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http://dx.doi.org/10.3390/jof6020048DOI Listing
http://www.ncbi.nlm.nih.gov/pmc/articles/PMC7345254PMC
April 2020

Mating strategy and mating type distribution in six global populations of the Eucalyptus foliar pathogen Teratosphaeria destructans.

Fungal Genet Biol 2020 04 31;137:103350. Epub 2020 Jan 31.

Department of Biochemistry, Genetics and Microbiology, Forestry and Agricultural Biotechnology Institute (FABI), University of Pretoria, Private Bag X20, Hatfield 0028, South Africa; Department of Conservation Ecology and Entomology, Stellenbosch University, Private Bag X1, Matieland 7602, South Africa. Electronic address:

Teratosphaeria destructans is an aggressive fungal pathogen causing leaf and shoot blight on young Eucalyptus trees in plantations. The disease occurs across tropical and subtropical regions of South East Asia and has recently been found in South Africa. Asexual structures of the pathogen are produced on infected tissues, but sexual structures have never been observed. The aim of this study was to investigate the reproductive biology of T. destructans by characterising its mating type (MAT1) locus and investigating its potential for sexual recombination. We found that T. destructans has a heterothallic mating system, with either the MAT1-1-1 and MAT1-1-10 genes (MAT1-1 idiomorph) or the MAT1-2-1 and MAT1-2-12 genes (MAT1-2 idiomorph) present in a single individual. With a multiplex PCR assay, it was possible to distinguish the two MAT idiomorphs in several Teratosphaeria species and this approach was applied to six global populations of T. destructans. Although both mating types occurred in the South East Asian populations, a single mating type dominated each population. Isolates from the recent disease outbreak in South Africa comprised only a single mating type. Attempts to induce a sexual cycle in vitro using strains of opposite mating type were not successful. The uneven distribution of mating types in populations of T. destructans and the presence of only an asexual state on infected tissues suggests the absence of or at least a minor role for sexual reproduction where the pathogen occurs on non-native Eucalyptus in plantations.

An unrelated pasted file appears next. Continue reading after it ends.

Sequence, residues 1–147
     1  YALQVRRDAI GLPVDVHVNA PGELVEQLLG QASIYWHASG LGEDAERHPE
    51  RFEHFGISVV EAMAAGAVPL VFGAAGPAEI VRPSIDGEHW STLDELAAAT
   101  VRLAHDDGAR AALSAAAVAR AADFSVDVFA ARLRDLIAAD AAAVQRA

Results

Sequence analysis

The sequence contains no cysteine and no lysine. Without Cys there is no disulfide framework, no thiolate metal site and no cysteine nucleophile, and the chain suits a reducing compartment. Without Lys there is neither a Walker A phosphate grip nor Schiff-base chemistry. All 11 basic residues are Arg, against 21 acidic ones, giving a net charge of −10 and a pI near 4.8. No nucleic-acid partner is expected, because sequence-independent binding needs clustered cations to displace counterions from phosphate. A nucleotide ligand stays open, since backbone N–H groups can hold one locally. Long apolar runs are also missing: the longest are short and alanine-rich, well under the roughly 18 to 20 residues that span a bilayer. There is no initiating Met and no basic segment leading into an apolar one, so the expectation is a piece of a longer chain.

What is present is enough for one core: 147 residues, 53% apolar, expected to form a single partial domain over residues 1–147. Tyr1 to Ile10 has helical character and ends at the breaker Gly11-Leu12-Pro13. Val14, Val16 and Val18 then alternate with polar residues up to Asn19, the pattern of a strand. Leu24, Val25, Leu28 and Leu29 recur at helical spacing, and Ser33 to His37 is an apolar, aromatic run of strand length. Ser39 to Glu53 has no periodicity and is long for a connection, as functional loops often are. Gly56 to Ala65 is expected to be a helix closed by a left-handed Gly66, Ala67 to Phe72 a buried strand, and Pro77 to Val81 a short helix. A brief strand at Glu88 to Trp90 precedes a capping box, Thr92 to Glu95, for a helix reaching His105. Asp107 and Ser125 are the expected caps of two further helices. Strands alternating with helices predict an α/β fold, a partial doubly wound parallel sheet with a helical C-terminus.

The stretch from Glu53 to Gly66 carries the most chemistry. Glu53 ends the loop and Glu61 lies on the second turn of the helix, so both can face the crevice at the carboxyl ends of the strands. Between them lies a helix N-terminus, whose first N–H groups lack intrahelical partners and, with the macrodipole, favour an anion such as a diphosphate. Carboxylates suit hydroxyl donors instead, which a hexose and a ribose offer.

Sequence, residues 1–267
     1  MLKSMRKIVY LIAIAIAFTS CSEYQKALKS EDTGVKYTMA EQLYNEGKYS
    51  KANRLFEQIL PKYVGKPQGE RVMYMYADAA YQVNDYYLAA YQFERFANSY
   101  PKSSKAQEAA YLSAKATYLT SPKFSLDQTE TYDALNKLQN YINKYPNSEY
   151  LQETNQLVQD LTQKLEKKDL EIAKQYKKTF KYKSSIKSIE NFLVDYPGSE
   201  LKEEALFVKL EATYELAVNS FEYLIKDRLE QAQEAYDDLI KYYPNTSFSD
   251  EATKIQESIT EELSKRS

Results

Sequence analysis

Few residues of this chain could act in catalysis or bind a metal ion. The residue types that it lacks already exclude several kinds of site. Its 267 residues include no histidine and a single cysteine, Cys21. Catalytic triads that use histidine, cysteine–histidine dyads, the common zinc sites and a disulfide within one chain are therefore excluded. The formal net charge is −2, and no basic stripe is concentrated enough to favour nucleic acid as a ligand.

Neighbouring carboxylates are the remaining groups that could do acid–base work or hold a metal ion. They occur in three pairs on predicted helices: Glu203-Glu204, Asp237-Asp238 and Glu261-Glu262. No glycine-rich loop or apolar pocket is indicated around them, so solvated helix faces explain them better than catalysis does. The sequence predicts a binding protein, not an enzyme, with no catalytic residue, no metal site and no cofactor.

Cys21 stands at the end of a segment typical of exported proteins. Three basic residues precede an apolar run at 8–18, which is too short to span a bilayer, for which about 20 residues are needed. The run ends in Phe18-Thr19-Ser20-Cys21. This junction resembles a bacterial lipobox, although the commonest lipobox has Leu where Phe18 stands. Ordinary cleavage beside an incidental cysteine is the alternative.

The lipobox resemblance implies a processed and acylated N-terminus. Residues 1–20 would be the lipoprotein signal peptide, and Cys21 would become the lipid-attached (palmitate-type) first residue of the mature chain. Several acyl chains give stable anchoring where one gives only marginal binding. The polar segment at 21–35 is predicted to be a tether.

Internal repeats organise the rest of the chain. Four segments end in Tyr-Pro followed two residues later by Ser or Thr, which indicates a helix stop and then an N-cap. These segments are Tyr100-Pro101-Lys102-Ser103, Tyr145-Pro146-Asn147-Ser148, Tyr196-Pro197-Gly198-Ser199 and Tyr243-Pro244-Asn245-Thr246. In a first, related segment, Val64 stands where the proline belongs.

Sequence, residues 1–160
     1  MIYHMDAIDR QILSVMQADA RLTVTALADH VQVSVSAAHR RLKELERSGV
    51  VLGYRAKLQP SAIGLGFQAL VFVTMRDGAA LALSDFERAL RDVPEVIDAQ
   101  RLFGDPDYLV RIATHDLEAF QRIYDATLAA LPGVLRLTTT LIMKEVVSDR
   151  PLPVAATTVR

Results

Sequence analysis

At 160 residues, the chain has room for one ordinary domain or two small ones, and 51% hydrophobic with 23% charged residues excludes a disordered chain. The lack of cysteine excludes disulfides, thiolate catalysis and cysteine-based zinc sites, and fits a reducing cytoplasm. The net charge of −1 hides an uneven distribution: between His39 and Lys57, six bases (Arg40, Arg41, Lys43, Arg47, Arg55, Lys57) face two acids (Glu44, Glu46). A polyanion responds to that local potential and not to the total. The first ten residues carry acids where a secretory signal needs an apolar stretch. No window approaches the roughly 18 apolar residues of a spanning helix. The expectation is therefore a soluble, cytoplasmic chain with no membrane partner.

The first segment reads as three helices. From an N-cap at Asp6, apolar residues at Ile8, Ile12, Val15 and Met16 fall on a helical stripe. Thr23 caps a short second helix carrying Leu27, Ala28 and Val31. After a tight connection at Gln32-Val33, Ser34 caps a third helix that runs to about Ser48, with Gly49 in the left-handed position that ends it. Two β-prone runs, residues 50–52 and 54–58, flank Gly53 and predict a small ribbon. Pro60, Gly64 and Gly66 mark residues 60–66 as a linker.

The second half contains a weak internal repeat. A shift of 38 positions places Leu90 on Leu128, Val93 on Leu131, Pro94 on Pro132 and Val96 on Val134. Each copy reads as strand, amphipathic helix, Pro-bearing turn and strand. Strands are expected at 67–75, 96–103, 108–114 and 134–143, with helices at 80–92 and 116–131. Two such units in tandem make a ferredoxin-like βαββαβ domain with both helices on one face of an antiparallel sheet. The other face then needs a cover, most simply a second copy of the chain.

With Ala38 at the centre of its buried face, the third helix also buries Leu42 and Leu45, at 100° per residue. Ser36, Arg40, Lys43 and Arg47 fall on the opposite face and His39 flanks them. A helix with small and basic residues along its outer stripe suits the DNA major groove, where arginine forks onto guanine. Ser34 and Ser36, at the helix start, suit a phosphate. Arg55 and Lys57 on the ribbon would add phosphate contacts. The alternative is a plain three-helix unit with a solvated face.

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http://dx.doi.org/10.1016/j.fgb.2020.103350DOI Listing
April 2020

The novel Huntiella omanensis mating gene, MAT1-2-7, is essential for ascomatal maturation.

Fungal Genet Biol 2020 04 17;137:103335. Epub 2020 Jan 17.

Department of Biochemistry, Genetics and Microbiology, Forestry and Agricultural Biotechnology Institute (FABI), Faculty of Natural and Agricultural Sciences, University of Pretoria, Hatfield Campus, Pretoria 0083, South Africa. Electronic address:

Sexual reproduction is a highly conserved feature of the eukaryotes, yet sexual compatibility is determined by a wide variety of mechanisms. In ascomycete fungi, sexual development is controlled by genes at the mating type (MAT) locus that confer either MAT1-1 or MAT1-2 mating identity. Although the locus harbours, at minimum, a single gene, the individual MAT loci of certain species, including Huntiella omanensis, encode for two or more genes. The MAT1-2 idiomorph of H. omanensis is made up of MAT1-2-1, a primary MAT gene that is highly conserved in the Pezizomycotina and possesses a well-characterized DNA binding motif, the HMG-box domain. The idiomorph also harbours a novel secondary MAT gene, named MAT1-2-7, with no recognizable functional domains. In this study, we developed a transformation and CRISPR-Cas9-based genome editing protocol to characterize the MAT1-2-7 gene with respect to its function in mating. We have shown that MAT1-2-7 is essential for sexual reproduction and that isolates carrying the truncated MAT1-2-7 gene are incapable of ascomatal maturation and further sexual development. MAT1-2-7 was also shown to influence the vegetative radial growth rate of H. omanensis, illustrating the pleiotropic effects often associated with MAT genes.